The Mental Healthcare Act, 2017 (MHCA 2017) of India (Mental Health Law in India)
- Mark McGraw
The Mental Healthcare Act, 2017 is landmark legislation in India and the first step towards ensuring a ‘Right to Access to Mental Healthcare’ law in the near future. It consists of important provisions that empower a persons with mental illness in India based on different parameters;
A). Rights of the MIP are respected; The act gives the persons with mental illness an advance directive of forming a will and nominating a relative or well-wisher to act on behalf of the patient when the patient him/herself is incapable to do so. The act also gives the MIP the right to confidentiality of medical records, right to information about illness and treatment and protection from any discrimination whatsoever.
B). Provision of various services: The act requires that the Govt. to make rehabilitation homes, sanatoriums, care homes and other group therapy associations for persons with mental illness. The govt. will also have to ensure that medical professionals are trained as per world class standards within 10 years of passing the law. Awareness programmes pertaining to medical and familial care of persons with mental illness, prevention of mental illnesses and suicide prevention methods too will have to be promoted by the govt. to ensure that the general populace is aware of the issue at hand.
However. the new act is heavily influenced by the western model of mental healthcare. It is based on a rights framework, and gives the individual total autonomy over themselves. This means that I may be suffering but refuse to get treated because the law allows me to do so.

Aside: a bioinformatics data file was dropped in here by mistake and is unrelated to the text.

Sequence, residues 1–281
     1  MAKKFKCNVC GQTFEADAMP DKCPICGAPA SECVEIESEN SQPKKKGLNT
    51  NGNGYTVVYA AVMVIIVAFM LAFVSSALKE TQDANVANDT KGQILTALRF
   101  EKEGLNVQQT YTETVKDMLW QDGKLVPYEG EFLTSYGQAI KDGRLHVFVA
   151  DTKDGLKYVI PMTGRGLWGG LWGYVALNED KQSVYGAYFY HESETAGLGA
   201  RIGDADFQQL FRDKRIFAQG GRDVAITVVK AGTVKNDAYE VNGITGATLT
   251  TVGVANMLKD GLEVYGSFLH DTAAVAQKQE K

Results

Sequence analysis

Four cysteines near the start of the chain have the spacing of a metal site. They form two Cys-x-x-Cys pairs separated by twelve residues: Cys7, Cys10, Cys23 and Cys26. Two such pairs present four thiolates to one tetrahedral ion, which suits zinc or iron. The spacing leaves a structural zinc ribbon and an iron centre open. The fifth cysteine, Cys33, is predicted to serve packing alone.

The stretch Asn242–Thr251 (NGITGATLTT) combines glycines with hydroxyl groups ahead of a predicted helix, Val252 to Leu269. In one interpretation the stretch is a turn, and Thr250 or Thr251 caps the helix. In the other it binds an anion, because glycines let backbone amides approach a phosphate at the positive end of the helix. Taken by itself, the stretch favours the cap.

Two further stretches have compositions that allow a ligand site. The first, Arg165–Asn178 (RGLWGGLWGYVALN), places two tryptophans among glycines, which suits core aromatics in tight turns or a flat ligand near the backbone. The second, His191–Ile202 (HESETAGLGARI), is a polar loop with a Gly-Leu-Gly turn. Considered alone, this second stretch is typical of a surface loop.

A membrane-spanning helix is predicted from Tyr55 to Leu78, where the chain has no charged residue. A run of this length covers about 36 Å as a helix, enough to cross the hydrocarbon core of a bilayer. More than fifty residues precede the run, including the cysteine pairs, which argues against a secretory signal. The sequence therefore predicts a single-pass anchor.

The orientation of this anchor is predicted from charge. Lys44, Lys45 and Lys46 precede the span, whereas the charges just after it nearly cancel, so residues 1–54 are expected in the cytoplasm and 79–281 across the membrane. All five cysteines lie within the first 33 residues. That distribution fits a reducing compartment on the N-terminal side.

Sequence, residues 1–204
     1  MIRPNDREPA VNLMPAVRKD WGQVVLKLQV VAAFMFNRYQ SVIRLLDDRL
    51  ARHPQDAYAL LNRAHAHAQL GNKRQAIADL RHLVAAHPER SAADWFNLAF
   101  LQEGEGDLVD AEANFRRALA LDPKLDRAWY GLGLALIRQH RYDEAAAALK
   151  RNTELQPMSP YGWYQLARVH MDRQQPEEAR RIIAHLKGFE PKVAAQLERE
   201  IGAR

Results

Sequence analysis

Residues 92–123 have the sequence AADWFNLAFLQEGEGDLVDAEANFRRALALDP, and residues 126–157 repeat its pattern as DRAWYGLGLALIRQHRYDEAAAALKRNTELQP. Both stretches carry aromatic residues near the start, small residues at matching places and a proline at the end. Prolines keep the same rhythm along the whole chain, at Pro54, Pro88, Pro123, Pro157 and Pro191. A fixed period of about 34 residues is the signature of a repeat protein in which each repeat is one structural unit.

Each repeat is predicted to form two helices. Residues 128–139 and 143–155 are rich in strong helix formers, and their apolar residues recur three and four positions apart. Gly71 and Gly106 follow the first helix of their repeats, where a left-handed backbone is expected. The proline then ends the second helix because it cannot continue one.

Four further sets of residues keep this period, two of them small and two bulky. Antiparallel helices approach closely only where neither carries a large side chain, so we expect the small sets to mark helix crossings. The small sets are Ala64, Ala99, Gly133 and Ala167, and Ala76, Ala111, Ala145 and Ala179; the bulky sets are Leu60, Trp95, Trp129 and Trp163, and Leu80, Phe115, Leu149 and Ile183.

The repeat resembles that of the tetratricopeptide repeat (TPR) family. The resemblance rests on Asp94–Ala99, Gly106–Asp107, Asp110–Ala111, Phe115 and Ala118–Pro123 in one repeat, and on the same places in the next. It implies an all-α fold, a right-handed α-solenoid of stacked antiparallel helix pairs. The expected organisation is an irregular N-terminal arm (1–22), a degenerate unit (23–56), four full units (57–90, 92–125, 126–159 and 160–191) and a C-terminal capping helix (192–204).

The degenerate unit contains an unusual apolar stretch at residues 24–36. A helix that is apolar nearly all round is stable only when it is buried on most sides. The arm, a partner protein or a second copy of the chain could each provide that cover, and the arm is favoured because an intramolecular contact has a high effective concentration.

There is no health without mental health. Recently conducted National Mental Health Survey quoted prevalence of 13.7% lifetime and 10.6% current mental morbidity. To address this mammoth problem, an aspirational law was enacted titled “Mental Healthcare Act, 2017” (MHCA 2017). The act is progressive and rights-based in nature. The preamble of MHCA 2017 promises to provide mental healthcare and services for persons with mental illness (PMI) and to protect, promote, and fulfill the rights of such persons during the delivery of mental healthcare and services. The whole dedicated Chapter 5 on “Rights of the person with mental illness” is the heart and soul of this legislation. The heart and soul of this legislation are in Chapter 5 which safeguards the patients’ right to access a range of mental healthcare facilities (such as inpatient and outpatient services; rehabilitation services in the hospital, community, and home; halfway homes; sheltered accommodation; and supported accommodation). If the services are not available, PMI is entitled to compensation from the state. Right to community living, right to confidentiality, right to access medical records, right to protection from cruelty and inhumane treatment and right to equality and nondiscrimination are all ensured by the law. The act seeks to ensure that mental healthcare facilities are available to all. Those below the poverty line, whether in possession of BPL (below poverty line) card or not, the destitute, and the homeless will be entitled to free mental health treatment. The act provides the right to confidentiality and protection from cruel, inhumane, and degrading treatment, in addition to the right to live in a community and avail free legal aid. It bans electroconvulsive therapy (ECT) without anesthesia and any type of ECT to children and restricts psychosurgery. The need of the hour is a law that can be implemented in practice and can cater to the health needs at all levels of prevention (primary, secondary, and tertiary) while also protecting the rights of the family, professionals, and end-users.
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